Cindy Ji Hye Kim
Have we now reached the crux of the matter, and is this the end of the road? We are beginning to be at a loss for words: they become confused, meandering, and raving. And yet it is beyond these words that the description of that unbelievable, immense spring must begin. The miracle of dusk! Again, the power of our magic has failed and the dark element that cannot be embraced is roaring somewhere beyond it. Words are split into their components and dissolved, they return to their etymology, re-enter their depths and distant obscure roots. This process is to be taken literally. For it is getting dark, our words lose themselves among unclear associations: Acheron, Orcus, the Underworld…Do you feel darkness seeping out of these words, molehills crumbling, the smell of cellars, of graves slowly opening? What is a spring dusk? We ask this question once more, the fervent refrain of our quest that must remain unrewarded.
When the tree roots want to speak, when under the turn a great many old tales and ancient sagas have been collected, when too many whispers have been gathered underground, inarticulate pulp and dark nameless things that existed before words—then the bark of trees blackens and disintegrates into thick, rough scales which form deep furrows. You dip your face into that fluffy fur of dusk, and everything becomes impenetrable and airless like under the lid of a coffin. Then you must screw up your eyes and bully them, squeeze your sight through the impenetrable, push across the dull humus—and suddenly you are at your goal, on the other side; you are in the Deep, in the Underworld. And you can see.
Em Kettner’s sculptures joyously reimagine the disabled body. She works at the scale of an outstretched hand, fashioning figures in glazed porcelain whose forms act as support structures for tiny tapestries handwoven from thread. In turn, these textiles hold the ceramics in place, a mutual interlocking that speaks to wider themes of caregiving and interdependence.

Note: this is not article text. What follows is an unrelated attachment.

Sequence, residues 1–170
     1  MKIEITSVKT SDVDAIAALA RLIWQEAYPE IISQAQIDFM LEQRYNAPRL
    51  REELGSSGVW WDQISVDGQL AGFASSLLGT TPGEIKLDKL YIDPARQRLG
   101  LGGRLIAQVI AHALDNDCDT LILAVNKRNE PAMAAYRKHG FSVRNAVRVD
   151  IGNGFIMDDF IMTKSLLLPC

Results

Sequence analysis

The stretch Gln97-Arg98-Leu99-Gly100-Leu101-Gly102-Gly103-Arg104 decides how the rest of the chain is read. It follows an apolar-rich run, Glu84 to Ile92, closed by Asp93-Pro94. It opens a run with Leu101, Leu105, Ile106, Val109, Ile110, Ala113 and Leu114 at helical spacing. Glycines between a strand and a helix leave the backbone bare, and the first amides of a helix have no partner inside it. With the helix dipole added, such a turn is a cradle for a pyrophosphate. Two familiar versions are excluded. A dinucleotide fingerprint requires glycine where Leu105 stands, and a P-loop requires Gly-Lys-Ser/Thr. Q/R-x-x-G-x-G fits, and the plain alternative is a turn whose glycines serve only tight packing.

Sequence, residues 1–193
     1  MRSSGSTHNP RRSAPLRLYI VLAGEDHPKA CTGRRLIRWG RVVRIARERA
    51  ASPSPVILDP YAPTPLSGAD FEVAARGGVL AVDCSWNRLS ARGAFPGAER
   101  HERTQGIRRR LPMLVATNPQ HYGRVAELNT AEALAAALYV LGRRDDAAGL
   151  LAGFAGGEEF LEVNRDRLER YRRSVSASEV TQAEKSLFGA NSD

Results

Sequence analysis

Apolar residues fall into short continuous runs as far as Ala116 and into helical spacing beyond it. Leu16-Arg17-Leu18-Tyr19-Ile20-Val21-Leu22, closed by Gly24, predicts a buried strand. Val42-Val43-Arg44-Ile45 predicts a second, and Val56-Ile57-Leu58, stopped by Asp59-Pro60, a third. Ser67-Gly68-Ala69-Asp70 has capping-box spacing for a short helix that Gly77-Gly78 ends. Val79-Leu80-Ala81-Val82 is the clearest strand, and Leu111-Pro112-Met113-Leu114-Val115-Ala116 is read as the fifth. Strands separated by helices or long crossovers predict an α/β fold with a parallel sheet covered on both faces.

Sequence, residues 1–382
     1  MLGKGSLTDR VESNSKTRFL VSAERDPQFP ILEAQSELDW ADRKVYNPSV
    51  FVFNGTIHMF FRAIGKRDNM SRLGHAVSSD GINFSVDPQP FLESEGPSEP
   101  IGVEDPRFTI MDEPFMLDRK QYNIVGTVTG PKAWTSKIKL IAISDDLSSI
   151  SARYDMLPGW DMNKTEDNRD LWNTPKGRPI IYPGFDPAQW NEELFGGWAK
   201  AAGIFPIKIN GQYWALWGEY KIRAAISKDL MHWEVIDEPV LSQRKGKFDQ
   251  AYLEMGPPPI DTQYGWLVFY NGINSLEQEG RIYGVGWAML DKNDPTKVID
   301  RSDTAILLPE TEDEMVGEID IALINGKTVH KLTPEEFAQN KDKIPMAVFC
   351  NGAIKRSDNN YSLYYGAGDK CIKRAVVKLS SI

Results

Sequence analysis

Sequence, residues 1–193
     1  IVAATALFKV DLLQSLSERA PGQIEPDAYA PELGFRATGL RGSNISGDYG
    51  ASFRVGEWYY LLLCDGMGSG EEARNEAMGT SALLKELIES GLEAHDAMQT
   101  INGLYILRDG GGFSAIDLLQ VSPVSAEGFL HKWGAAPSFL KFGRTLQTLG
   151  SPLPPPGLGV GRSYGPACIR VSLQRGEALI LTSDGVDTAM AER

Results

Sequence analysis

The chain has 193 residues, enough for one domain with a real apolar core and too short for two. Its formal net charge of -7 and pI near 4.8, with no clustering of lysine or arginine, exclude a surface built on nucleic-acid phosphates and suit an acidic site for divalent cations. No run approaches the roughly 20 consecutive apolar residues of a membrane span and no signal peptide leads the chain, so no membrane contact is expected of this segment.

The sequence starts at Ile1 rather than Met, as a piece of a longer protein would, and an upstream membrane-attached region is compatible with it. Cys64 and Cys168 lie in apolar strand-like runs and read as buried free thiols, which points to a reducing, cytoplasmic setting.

“There’s power in embracing your own smallness and fragility,” Kettner has stated, “and insisting others delight in these conditions as well.” The works carry an aspect of the talisman, the charm, the relic—objects whose smallness endows them with auras of significance rather than diminishment. The woven wrappings are evidence of loving care and act as a kind of costuming, expanding upon or hiding aspects of a physique. These wrappings protect, cushion, and embellish in equal measure. Drawing on deeply held traditions of craft, the works embody a kind of devotion that in ancient times was reserved only for the holy and transcendent.
Across the show, the sickbed serves as a recurring icon. Furniture legs and human limbs commingle, heads sprout left and right, stray genitals pop up through the covers. Throughout, Kettner puts forward the sickbed as a place of joy, eroticism, and togetherness. Figures constantly merge into each other, their limits dissolving into patterns as they meld with a lover, a bed frame, a cane, a hand mirror. These moments of hybridity play on historical tropes that cast disabled bodies as totemic half-animal gods or demons— images that may project power yet ultimately dehumanize. On another level, the sculptures illuminate the systems of support that disabled people rely on, whether they be designed, like a prosthesis, railing, or wheelchair, or social, like another person lending an arm along a flight of stairs. Kettner’s many limbed figures point to a crucial expansiveness within disability thinking. We never end at our edges.